Louisiana’s state capitol building is falling apart because it was built in the same way the state’s governing structure was built – hastily, in a slipshod manner, with graft and corruption hounding the process to its core, and with fundamental errors inherent in the design. Nearly 100 years on, such a structure is inadequate to withstand the test of time and is visibly falling apart.
Yes, we could appropriate $60 million to shore up the failing structure, just like John Bel Edwards has raided the pocketbooks of decent Louisianans for billions of dollars in taxes to short up Louisiana’s failed structure of government. Both are short-term fixes that will kick the can down the road awhile, only to see that failure coming back again with a larger threat and more urgency.
The Capitol was built by the corrupt wannabe dictator Huey Long as a skyscraper, the tallest building in Baton Rouge. The public-sector arrogance associated with a desire to make Government rise above all is a symbol which has held Baton Rouge, and Louisiana, back ever since, and worse, thanks to Long’s political and economic model which Louisiana has never fully shaken it’s the state government which rises above all others here. Our local governments are very much like the baby pelicans on the state flag; helpless, parasitical and fully dependent on the mama pelican for sustenance. They don’t fully pay their cops, firefighters or teachers without significant contributions from the concrete phallus in Baton Rouge, they’re hamstrung by the nation’s highest homestead exemption and thus have stunted property tax bases, they don’t have the control of local roadways they should have because so many of them are designated state highways.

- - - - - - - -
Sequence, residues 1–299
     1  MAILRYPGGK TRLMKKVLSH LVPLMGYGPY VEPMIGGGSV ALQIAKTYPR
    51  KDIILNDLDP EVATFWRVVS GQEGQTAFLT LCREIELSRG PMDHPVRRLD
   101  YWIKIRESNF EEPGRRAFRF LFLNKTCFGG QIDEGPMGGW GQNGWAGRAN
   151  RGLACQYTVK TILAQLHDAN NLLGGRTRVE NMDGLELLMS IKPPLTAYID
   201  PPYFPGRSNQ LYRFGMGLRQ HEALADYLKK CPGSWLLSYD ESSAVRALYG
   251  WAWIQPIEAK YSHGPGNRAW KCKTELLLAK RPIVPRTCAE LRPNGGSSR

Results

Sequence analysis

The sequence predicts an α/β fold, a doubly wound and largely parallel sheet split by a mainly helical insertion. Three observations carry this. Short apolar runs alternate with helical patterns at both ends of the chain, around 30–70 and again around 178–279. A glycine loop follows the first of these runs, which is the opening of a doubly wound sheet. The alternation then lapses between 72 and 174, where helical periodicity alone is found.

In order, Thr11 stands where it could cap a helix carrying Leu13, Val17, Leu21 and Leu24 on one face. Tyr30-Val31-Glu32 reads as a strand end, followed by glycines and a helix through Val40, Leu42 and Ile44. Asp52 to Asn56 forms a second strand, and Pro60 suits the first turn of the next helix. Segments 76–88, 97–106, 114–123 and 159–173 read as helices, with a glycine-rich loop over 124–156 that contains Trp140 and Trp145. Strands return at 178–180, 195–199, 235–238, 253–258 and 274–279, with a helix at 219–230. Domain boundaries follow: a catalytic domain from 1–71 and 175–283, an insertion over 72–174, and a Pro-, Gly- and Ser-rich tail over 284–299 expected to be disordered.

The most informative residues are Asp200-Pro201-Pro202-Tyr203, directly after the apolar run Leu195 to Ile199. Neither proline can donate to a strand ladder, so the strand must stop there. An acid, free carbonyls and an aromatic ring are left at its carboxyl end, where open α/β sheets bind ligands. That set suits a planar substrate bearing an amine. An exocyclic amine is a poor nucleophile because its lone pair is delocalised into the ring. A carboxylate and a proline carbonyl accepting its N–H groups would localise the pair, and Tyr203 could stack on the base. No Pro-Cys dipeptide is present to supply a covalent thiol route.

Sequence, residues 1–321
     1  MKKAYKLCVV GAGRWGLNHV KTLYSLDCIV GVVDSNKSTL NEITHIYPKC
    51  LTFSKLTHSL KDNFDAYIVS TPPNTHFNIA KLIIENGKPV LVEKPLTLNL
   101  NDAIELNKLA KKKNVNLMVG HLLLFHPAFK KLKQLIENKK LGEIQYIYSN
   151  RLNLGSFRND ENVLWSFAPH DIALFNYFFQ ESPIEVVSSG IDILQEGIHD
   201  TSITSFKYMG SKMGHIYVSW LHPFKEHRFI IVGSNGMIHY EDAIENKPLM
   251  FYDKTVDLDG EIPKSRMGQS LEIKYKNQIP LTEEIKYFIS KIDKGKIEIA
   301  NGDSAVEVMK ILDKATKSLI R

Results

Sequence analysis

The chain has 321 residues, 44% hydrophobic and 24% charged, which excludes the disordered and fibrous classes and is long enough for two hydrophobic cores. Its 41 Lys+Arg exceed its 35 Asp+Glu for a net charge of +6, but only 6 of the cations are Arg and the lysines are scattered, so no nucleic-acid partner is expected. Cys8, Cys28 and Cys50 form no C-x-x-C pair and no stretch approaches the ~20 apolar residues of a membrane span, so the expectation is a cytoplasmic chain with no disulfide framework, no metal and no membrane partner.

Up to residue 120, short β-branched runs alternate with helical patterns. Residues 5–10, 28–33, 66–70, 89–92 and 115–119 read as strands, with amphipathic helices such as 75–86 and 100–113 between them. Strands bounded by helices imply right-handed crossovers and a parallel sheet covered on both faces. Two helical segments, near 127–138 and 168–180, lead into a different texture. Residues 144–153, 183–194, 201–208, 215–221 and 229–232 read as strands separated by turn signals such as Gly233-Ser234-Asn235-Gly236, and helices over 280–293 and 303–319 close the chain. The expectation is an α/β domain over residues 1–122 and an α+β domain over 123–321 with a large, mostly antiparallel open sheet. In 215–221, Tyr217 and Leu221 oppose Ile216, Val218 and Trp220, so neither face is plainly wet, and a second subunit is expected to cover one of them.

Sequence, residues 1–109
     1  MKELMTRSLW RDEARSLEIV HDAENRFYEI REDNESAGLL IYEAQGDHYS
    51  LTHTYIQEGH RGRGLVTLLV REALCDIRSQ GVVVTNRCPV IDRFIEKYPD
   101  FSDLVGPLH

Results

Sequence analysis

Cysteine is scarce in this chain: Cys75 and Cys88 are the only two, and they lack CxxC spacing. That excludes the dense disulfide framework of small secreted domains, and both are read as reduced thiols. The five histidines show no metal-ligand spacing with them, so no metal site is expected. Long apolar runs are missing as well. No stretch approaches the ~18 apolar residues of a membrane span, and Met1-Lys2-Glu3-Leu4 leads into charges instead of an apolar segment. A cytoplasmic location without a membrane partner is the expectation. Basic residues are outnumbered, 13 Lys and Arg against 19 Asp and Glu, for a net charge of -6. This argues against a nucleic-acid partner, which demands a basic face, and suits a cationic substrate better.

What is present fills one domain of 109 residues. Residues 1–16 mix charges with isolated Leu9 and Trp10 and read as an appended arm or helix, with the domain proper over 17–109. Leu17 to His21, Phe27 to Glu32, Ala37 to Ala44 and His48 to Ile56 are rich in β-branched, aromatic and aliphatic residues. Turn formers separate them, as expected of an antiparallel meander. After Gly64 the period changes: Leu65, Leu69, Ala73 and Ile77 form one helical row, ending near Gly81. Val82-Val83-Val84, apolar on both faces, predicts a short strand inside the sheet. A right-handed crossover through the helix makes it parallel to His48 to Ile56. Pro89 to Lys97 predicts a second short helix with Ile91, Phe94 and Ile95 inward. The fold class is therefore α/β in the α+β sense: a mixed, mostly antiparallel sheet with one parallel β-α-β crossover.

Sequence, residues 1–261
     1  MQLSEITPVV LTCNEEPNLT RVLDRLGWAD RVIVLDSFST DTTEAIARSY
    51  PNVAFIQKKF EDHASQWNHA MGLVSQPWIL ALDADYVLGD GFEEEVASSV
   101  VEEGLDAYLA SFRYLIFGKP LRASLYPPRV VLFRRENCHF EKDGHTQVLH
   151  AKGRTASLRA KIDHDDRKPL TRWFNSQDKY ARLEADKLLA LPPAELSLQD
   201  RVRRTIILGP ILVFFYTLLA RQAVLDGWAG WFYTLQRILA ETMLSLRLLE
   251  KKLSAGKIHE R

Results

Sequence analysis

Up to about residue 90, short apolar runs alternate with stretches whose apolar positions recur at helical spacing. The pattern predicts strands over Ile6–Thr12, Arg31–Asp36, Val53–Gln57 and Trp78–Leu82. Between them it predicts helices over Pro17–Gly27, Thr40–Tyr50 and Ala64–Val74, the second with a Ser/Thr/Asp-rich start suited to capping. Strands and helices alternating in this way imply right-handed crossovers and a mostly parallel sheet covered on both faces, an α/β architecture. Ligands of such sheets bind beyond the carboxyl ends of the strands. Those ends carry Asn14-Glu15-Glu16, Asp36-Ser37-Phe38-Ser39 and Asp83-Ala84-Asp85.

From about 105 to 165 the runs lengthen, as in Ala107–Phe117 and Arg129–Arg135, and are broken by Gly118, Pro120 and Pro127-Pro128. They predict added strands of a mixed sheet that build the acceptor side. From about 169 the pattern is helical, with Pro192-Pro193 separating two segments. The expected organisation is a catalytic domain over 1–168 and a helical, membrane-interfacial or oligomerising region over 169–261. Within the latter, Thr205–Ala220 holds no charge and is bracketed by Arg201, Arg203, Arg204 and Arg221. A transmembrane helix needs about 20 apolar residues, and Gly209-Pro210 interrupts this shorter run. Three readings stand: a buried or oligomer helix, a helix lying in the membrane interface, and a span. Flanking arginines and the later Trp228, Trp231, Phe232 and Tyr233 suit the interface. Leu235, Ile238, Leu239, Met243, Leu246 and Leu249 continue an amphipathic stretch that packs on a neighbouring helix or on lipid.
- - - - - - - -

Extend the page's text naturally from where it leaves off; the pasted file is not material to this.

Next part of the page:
As a result Louisiana is covered with exceptionally poorly-run cities and parishes which have never grown up, and their poor operation places too much of a strain on the governor and Legislature to do their work for them.
And thanks to Edwards, we’ll be further crushed by his poorly-thought-out Medicaid expansion, which “covers” some half-million new people with the worst health insurance imaginable and functionally no better access to the state’s health care system than they had before (worse, actually, as most of Edwards’ new clients on the government dole had private insurance before signing up to his Medicaid plan). Meanwhile his Medicaid expansion, which will result in more than two-fifths of the state relying on the government to provide them with healthcare, making this the state with the most socialized medicine in America, will cost Louisiana a compounding $100 million more per year, every year, going into the future. That’s the shape our fiscal house is in. Try not to get hit by the falling facade.
This is what Huey Long left us, and it is disintegrating. That’s why Louisiana, despite its vast mineral and agricultural wealth and its unique, highly-marketable culture, languishes at the bottom of all the public-policy metrics. We are America’s Venezuela or Cuba – crushed by an unworkable socialist mindset we’ve never abandoned just as visitors to the Capitol are in danger of being crushed by falling chunks of Huey Long’s architectural folly.
Rather than spending $60 million – or $30 billion – propping up that building or what it represents, perhaps it’s time to consider something the Advocate seems to think is a bad idea. Namely, replacing that which is in disrepair with something else entirely. Why not a proper state capitol building with a proper rotunda, constructed not in an architectural style suggestive of early 20th century collectivism but rather in the principles of the Enlightenment this country was founded on?
And how about a new state constitution, and a thorough reform of our governing model, to match?
Maybe that way we can avoid the falling chunks of Huey Long’s legacy and not be reminded of its utter failure every day.